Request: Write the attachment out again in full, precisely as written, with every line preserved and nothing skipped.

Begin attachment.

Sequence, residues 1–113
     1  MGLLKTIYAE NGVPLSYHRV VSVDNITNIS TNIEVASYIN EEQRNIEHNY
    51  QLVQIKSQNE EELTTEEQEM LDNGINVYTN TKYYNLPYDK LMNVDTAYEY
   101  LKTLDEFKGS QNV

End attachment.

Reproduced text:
Sequence, residues 1–113
     1  MGLLKTIYAE NGVPLSYHRV VSVDNITNIS TNIEVASYIN EEQRNIEHNY
    51  QLVQIKSQNE EELTTEEQEM LDNGINVYTN TKYYNLPYDK LMNVDTAYEY
   101  LKTLDEFKGS QNV